The results may explain why breast cancer is the most common cancer in women. Given that the clock ranked tumor tissue an average of 36 years older than healthy tissue, it could also explain why age is a major risk factor for many cancers in both genders.
Horvath next looked at induced pluripotent stem cells, adult cells that have been reprogrammed to an embryonic stem cell–like state, enabling them to form any type of cell in the body and continue dividing indefinitely.
“My research shows that all stem cells are newborns,” he said. “More importantly, the process of transforming a person’s cells into pluripotent stem cells resets the cells’ clock to zero.”
In principle, the discovery proves that scientists can rewind the body’s biological clock and restore it to zero.
“The big question is whether the underlying biological clock controls a process that leads to aging,” Horvath said. “If so, the clock will become an important biomarker for studying new therapeutic approaches to keeping us young.”
Finally, Horvath discovered that the clock’s rate speeds up or slows down depending on a person’s age.
“The clock’s ticking rate isn’t constant,” he explained. “It ticks much faster when we’re born and growing from children into teenagers, then slows to a constant rate when we reach 20.”
In an unexpected finding, the cells of children with progeria, a genetic disorder that causes premature aging, appeared normal and reflected their true chronological age.
Horvath noted that it will take additional research to dissect the precise molecular or biochemical mechanism in the body that makes his age predictor possible.
UCLA has filed a provisional patent on Horvath’s age-predictive tool. His next studies will examine whether stopping the body’s clock halts the aging process and whether a similar clock exists in mice.

Scientists succeed in growing human brain tissue in ‘test tubes’.


Complex human brain tissue has been successfully developed in a three-dimensional culture system established in an Austrian laboratory. The method described in the current issue of Nature allows pluripotent stem cells to develop into cerebral organoids – or “mini brains” – that consist of several discrete brain regions. Instead of using so-called patterning growth factors to achieve this, scientists at the renowned Institute of Molecular Biotechnology (IMBA) of the Austrian Academy of Sciences (OeAW) fine-tuned growth conditions and provided a conducive environment. As a result, intrinsic cues from the stem cells guided the development towards different interdependent brain tissues. Using the “mini brains”, the scientists were also able to model the development of a human neuronal disorder and identify its origin – opening up routes to long hoped-for model systems of the human brain.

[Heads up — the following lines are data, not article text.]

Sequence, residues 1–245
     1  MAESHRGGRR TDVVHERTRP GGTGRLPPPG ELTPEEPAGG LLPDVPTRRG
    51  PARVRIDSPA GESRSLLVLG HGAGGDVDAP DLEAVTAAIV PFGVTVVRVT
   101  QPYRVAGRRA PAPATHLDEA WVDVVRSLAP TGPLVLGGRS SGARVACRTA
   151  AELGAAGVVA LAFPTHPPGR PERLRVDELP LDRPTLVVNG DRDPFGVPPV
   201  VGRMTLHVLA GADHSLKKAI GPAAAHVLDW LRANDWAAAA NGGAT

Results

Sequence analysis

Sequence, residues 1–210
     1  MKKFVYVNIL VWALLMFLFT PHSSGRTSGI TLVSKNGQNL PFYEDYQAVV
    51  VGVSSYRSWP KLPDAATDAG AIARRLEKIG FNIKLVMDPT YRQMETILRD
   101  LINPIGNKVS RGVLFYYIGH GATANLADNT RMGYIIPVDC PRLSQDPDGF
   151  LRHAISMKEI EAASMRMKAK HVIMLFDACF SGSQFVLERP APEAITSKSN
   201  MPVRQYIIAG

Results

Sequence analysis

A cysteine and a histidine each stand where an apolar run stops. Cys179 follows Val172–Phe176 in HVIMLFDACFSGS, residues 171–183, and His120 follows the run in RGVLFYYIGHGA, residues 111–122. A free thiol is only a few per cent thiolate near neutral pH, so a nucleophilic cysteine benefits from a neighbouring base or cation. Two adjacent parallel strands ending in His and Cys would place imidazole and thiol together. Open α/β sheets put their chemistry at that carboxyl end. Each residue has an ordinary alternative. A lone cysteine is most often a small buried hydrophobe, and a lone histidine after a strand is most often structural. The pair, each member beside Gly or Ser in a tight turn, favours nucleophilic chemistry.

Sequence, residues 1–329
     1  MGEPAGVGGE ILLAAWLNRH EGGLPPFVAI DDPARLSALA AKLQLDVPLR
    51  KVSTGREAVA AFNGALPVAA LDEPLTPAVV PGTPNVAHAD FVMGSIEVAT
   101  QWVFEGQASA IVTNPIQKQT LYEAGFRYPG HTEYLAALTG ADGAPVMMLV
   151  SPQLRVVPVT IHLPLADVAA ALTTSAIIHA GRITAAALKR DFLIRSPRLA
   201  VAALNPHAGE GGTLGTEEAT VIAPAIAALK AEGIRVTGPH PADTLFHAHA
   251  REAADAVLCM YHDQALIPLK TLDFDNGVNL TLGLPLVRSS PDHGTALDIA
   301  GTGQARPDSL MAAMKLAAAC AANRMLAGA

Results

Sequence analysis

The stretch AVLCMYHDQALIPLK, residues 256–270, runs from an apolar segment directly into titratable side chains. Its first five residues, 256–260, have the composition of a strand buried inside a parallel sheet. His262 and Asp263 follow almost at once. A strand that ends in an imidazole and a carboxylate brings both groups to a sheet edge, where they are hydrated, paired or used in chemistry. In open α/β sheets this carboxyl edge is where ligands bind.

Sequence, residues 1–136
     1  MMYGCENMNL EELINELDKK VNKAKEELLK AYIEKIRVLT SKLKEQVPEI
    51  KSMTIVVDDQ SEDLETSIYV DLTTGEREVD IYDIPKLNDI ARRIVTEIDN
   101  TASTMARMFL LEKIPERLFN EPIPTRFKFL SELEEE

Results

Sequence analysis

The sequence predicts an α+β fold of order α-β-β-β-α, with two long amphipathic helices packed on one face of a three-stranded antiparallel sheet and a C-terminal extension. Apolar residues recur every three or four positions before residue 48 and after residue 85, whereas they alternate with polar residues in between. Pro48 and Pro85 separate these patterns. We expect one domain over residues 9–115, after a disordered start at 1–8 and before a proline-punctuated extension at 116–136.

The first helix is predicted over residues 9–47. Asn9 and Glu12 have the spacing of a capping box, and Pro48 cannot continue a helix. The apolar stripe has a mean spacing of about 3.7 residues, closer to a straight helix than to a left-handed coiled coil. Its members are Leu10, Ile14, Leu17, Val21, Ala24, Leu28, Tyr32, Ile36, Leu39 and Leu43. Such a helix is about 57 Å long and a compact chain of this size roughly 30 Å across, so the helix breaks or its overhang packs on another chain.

1-brainsondema

The development of the human brain remains one of the greatest mysteries in biology. Derived from a simple tissue, it develops into the most complex natural structure known to man. Studies of the human brain’s development and associated human disorders are extremely difficult, as no scientist has thus far successfully established a three-dimensional culture model of the developing brain as a whole. Now, a research group lead by Dr. Jürgen Knoblich at the Institute of Molecular Biotechnology of the Austrian Academy of Sciences (IMBA) has changed just that.